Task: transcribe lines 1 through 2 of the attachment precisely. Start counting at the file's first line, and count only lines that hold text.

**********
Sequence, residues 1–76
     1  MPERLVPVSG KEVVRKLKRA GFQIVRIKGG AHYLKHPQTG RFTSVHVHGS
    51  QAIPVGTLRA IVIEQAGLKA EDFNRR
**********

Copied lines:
Sequence, residues 1–76
     1  MPERLVPVSG KEVVRKLKRA GFQIVRIKGG AHYLKHPQTG RFTSVHVHGS